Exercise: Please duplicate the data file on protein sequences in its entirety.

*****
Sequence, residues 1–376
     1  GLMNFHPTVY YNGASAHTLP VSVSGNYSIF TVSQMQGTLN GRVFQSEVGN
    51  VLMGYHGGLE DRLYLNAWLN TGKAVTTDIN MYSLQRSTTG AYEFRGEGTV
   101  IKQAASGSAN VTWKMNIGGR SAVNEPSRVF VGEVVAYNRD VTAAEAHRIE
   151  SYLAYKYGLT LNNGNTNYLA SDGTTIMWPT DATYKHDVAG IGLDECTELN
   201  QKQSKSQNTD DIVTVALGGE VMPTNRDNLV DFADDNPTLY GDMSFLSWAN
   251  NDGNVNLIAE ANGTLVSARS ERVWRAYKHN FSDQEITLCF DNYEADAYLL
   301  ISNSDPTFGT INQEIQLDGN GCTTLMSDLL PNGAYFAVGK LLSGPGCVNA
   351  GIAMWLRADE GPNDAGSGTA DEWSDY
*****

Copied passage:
Sequence, residues 1–376
     1  GLMNFHPTVY YNGASAHTLP VSVSGNYSIF TVSQMQGTLN GRVFQSEVGN
    51  VLMGYHGGLE DRLYLNAWLN TGKAVTTDIN MYSLQRSTTG AYEFRGEGTV
   101  IKQAASGSAN VTWKMNIGGR SAVNEPSRVF VGEVVAYNRD VTAAEAHRIE
   151  SYLAYKYGLT LNNGNTNYLA SDGTTIMWPT DATYKHDVAG IGLDECTELN
   201  QKQSKSQNTD DIVTVALGGE VMPTNRDNLV DFADDNPTLY GDMSFLSWAN
   251  NDGNVNLIAE ANGTLVSARS ERVWRAYKHN FSDQEITLCF DNYEADAYLL
   301  ISNSDPTFGT INQEIQLDGN GCTTLMSDLL PNGAYFAVGK LLSGPGCVNA
   351  GIAMWLRADE GPNDAGSGTA DEWSDY